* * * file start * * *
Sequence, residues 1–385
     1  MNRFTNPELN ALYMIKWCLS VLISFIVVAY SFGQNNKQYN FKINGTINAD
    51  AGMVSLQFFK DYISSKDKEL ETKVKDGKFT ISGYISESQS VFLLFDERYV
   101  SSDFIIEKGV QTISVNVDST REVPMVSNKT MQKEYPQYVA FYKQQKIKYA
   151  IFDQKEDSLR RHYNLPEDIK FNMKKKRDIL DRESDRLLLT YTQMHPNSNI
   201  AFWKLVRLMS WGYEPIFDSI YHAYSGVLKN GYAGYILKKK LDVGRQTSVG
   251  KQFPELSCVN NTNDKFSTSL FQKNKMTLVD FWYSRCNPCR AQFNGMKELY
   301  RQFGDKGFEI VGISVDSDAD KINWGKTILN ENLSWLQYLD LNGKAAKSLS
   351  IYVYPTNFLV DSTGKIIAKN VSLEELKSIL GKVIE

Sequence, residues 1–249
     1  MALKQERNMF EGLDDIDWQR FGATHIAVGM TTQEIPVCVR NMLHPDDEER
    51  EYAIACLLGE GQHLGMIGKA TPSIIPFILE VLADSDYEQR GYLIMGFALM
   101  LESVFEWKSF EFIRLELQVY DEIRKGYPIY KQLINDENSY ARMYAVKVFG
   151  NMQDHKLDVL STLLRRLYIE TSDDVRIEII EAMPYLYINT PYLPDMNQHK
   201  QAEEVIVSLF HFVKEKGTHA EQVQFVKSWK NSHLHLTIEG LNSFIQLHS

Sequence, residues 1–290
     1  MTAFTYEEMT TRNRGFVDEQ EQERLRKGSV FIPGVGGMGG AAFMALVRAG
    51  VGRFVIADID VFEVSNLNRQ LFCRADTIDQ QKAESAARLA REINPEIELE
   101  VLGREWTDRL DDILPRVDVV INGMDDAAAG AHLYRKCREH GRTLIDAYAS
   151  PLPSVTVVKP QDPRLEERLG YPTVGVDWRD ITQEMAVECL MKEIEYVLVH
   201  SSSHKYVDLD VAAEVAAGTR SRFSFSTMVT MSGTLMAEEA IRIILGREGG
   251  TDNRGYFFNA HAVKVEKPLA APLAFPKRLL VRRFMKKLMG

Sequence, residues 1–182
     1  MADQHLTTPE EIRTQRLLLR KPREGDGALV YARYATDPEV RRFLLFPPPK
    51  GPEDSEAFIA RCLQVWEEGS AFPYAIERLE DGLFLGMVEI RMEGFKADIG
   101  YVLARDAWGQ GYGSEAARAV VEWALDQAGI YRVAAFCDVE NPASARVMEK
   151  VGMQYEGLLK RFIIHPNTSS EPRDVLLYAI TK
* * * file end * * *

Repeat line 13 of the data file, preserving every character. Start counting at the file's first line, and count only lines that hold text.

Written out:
   101  LESVFEWKSF EFIRLELQVY DEIRKGYPIY KQLINDENSY ARMYAVKVFG